Forests to discover: Thorny forest, Madagascar

The forest is characterized by the presence of Didiereaceae

by Lorenzo Ciotti
Forests to discover: Thorny forest, Madagascar

The thorny forest in Madagascar extends along the coastal strip between the Mangoky River to the north-west and the Anosyennes mountain range to the south-east. It is a truly magical, suggestive and intriguing region, due to its particularity, its trees and its colors.

It is the driest region of Madagascar, characterized by a long dry season and very little rainfall, in some areas below 350 mm per year, and is inhabited by the Mikea, a hunter-gatherer population of about 900 people. The thorny forest is characterized by the presence of plant species that present particular mechanisms of xerophilic adaptation.

The animals that populate it are mammals, birds and reptiles. The forest is famous for didiereaceae, which represent 95% of the species found in this particular ecosystem. Among them the species of Didiereaceae occupy a prominent place.

It is a family of plants that have developed, by evolutionary convergence, adaptation mechanisms similar to the New World Cactaceae, such as the presence of small and leathery leaves and spinescence. These are mostly shrubby species but in some cases they can emerge in the form of trees over 10 m high, as for Alluaudia ascendens and Alluaudia procera.

The plants are spiny succulent shrubs and trees from 2–20 m tall, with thick water-storing stems and leaves that are deciduous in the long dry season. All of the species except Alluaudiopsis have a distinct youth form.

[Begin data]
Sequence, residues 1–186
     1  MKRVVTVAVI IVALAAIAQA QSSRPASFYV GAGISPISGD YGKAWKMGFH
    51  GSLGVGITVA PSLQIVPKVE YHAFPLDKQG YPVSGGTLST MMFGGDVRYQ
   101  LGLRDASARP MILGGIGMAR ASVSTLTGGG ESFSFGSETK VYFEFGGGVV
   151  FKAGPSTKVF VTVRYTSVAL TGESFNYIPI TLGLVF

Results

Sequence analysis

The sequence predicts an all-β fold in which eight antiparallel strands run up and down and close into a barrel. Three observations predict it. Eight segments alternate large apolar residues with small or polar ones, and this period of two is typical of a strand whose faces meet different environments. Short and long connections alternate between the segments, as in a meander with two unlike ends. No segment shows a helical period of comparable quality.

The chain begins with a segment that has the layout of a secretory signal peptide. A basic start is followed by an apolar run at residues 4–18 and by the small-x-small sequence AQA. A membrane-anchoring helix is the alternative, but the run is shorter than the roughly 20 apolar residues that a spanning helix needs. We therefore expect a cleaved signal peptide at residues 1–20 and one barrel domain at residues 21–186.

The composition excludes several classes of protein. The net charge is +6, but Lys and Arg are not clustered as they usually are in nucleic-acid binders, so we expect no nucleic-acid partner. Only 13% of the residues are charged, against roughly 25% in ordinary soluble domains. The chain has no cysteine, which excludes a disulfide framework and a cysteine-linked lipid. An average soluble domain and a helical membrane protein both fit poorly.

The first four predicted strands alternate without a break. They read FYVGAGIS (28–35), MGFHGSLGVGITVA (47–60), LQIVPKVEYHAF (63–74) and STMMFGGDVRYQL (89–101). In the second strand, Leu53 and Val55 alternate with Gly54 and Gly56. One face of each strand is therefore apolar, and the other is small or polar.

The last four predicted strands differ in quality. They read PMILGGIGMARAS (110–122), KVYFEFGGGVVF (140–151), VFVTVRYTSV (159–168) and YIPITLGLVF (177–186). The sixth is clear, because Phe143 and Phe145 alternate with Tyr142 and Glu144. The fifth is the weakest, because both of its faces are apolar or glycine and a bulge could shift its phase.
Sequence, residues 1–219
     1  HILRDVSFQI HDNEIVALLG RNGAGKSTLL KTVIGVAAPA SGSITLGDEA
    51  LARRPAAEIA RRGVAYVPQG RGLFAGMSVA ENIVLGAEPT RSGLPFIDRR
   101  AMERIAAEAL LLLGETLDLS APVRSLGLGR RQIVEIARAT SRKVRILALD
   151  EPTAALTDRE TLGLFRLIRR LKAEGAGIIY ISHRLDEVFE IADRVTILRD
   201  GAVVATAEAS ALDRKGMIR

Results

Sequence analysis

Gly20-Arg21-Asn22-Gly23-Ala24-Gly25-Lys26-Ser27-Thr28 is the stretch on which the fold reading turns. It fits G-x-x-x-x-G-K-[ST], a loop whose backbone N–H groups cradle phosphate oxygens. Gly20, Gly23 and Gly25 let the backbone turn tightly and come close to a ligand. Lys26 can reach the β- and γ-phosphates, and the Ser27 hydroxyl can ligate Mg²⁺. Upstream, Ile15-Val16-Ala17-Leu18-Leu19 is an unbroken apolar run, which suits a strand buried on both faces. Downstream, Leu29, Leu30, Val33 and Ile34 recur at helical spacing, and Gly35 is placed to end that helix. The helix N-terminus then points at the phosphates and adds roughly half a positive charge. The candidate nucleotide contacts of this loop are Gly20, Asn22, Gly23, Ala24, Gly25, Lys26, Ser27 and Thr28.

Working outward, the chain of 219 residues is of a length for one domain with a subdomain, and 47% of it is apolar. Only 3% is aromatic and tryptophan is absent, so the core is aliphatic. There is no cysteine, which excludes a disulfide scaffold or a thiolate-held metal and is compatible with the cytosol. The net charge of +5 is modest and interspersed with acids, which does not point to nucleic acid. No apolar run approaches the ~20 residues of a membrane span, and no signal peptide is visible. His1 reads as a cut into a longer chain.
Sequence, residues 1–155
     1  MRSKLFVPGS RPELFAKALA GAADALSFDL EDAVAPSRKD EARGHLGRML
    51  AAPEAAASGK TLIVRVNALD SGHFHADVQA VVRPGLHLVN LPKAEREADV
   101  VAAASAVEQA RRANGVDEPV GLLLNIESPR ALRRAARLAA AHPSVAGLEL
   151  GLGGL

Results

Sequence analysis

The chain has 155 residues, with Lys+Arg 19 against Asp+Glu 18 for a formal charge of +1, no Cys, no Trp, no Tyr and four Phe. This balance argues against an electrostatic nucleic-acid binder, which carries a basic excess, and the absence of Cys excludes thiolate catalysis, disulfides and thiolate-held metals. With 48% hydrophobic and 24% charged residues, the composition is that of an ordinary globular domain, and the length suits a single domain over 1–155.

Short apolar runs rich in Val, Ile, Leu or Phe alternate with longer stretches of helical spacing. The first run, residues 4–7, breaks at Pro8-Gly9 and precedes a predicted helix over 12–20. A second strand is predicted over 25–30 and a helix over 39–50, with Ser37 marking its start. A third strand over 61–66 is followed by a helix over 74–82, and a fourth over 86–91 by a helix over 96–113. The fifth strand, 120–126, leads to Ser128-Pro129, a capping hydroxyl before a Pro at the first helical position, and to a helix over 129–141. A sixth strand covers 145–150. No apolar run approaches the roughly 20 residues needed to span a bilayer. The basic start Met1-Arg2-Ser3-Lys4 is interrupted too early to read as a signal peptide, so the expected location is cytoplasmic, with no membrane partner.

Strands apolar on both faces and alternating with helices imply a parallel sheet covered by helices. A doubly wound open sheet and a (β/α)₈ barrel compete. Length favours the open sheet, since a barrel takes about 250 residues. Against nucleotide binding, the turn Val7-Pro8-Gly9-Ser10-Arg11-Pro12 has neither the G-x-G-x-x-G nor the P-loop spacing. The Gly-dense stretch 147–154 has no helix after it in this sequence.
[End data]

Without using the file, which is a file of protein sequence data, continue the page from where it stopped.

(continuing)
They start as small procumbent shrubs but eventually a dominant stem is produced that becomes a trunk. The forest is endangered due to deforestation resulting from the manufacture of charcoal and wood for construction.

The forest is characterized by the Didiereaceae

They appear as shrubs or real trees, varying in height from 2 to 20 meters.

They have characters of xerophilic adaptation similar to those of the Cactaceae, with which they are closely related. They have thorny stems capable of storing water and carrying out chlorophyll photosynthesis using the CAM metabolism, small and leathery deciduous leaves, produced in correspondence with the areola.

Most of the species are endemic to the thorny forest of southwestern Madagascar. Some species assigned to this family by the APG classification are widespread in eastern and southern Africa. They populate semi-desert environments with a low annual rate of rainfall.